2. The resilient wood replication of claim 1 wherein said elastomeric base contains up to about 75% by weight of a finely divided inorganic filler.
3. The resilient wood replication of claim 2 wherein said inert inorganic filler is selected from the group consisting of silica and dried calcium carbonate.
4. The resilient wood replication of claim 1 wherein said polyurethane elastomer is produced by the reaction product of poly(oxypropylene) polyol and an organic polyisocyanate with a suitable crosslinking catalyst.
5. The resilient wood replication of claim 1 wherein said polyurethane protective coating is produced by reacting poly(oxypropylene) glycol, poly(oxypropylene) triol and poly methylene poly phenyl isocyanate in the presence of a suitable crosslinking catalyst.
6. The resilient wood replication of claim 1 wherein said polyurethane protective coating has an elongation of from about 200% to 600% and a tensile strength of at least about 1500 psi.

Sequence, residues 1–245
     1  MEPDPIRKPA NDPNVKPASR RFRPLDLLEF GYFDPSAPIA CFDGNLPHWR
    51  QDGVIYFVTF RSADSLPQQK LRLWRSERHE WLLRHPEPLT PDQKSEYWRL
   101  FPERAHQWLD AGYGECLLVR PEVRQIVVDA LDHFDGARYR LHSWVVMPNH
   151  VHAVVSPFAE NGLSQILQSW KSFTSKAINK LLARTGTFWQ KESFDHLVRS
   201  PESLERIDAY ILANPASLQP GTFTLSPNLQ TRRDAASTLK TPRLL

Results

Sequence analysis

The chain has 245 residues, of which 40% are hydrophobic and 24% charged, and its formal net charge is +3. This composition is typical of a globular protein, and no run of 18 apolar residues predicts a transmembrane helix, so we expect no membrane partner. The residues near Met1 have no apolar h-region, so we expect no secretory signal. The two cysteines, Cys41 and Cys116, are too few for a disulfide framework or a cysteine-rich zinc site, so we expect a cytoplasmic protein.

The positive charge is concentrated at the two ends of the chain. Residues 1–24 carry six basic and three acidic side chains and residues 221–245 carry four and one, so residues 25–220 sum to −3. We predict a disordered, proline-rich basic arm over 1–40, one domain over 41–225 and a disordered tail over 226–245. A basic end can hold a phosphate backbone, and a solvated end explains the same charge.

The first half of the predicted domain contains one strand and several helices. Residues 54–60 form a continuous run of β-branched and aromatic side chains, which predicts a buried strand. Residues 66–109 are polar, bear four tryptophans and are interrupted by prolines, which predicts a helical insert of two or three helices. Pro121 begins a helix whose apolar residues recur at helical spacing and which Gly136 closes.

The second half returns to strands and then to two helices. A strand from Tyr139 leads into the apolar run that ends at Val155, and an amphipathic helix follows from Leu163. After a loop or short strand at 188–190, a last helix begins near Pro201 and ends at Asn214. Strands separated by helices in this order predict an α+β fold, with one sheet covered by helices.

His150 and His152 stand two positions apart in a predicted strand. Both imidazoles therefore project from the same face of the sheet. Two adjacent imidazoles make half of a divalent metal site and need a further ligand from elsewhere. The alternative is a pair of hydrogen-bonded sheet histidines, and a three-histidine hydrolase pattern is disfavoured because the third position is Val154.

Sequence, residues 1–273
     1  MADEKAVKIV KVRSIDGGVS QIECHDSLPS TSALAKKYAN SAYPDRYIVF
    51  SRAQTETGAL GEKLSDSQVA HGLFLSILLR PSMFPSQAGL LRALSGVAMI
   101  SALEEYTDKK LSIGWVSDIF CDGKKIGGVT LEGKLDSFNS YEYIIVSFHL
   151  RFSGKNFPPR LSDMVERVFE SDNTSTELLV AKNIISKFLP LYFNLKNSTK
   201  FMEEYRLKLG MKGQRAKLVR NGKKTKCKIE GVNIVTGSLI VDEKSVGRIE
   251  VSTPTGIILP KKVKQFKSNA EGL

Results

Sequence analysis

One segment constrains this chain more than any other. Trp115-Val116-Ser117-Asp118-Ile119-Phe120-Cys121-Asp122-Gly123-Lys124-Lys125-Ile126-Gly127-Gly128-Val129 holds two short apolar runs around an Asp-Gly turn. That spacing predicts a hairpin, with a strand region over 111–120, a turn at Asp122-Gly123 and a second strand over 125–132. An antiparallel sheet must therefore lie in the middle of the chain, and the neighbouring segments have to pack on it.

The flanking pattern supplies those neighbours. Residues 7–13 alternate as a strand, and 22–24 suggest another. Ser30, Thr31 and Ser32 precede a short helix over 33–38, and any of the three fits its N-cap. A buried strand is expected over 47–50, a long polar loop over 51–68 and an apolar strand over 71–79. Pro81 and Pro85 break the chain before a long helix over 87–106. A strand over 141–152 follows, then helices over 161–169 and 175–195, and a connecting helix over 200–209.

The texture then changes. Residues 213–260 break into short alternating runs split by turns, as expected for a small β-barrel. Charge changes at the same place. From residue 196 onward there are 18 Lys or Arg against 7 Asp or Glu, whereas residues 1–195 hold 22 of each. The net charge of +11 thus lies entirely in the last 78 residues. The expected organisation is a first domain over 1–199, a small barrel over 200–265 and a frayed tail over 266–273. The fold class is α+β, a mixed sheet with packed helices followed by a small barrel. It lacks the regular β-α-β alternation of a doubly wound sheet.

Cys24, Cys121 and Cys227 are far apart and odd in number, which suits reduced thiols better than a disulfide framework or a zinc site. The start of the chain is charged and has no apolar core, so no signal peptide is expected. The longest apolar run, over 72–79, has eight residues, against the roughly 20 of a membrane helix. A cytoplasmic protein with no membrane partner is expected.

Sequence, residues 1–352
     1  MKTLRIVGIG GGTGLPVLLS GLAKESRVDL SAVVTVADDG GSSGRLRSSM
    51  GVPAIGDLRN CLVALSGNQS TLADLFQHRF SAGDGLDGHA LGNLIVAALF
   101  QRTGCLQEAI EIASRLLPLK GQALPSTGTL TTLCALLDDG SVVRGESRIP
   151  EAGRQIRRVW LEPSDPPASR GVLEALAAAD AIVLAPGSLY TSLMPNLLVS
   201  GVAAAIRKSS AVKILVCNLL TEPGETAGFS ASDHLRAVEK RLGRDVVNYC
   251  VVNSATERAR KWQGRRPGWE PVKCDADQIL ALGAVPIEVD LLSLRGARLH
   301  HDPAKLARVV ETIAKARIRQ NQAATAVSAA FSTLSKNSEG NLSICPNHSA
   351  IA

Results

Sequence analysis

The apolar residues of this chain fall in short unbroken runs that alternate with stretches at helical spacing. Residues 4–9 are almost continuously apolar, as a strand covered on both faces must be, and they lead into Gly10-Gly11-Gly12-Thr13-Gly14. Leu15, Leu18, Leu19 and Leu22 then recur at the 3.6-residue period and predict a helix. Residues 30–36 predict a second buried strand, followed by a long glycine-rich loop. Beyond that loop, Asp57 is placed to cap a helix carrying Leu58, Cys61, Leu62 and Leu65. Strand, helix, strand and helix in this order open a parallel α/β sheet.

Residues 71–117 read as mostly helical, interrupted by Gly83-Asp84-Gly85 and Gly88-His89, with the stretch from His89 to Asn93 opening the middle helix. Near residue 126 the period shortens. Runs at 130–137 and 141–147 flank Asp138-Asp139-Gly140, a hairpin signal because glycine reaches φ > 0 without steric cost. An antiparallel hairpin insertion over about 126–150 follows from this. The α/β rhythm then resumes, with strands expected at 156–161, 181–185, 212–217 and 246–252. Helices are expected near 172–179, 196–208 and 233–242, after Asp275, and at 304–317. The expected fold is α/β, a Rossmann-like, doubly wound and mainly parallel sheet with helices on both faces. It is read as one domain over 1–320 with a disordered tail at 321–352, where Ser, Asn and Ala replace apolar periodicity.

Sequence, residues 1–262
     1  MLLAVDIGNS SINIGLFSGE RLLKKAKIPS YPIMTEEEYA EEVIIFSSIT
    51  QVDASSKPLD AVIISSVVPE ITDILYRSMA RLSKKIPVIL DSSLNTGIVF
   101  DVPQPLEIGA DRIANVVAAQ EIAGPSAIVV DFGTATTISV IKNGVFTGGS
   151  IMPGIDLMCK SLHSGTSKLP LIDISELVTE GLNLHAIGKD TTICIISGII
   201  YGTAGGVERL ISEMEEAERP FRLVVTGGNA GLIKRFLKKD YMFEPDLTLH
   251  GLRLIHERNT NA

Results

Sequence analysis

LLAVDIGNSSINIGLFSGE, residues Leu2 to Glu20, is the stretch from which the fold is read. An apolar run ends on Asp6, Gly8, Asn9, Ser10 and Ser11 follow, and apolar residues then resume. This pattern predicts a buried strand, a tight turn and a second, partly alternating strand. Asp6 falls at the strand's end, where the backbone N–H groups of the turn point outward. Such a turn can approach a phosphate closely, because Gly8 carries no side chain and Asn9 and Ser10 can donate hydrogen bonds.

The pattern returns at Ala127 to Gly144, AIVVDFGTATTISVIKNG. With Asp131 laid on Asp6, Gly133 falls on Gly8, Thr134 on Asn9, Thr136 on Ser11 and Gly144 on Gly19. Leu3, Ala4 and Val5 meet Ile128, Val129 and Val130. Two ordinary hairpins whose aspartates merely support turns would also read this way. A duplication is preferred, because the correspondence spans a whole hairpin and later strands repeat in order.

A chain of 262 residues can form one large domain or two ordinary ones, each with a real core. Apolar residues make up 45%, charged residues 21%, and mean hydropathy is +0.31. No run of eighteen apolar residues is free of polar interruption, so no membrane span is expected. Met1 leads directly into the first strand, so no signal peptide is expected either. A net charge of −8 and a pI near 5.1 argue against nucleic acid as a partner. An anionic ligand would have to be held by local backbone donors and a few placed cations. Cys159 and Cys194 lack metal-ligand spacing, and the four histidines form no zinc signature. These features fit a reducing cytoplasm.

7. The resilient wood replication of claim 1 in the form of a floor tile.
Smooth floor coverings have ancient origins. In the Bronze Age (1600-1000 BC) water-worn pebbles were laid as floorings in Crete and also on the Greek mainland. The Greeks, refining this technique between the sixth and the fourth centuries BC, installed decorative pebble mosaics. Such mosaics were also made from marble, serpentine alabaster, some forms of granite, and other stones suitably polished. Timber flooring, originally used in rough form for a strictly functional purpose, was eventually made into smooth boards, and was later used decoratively in the parquetry designs.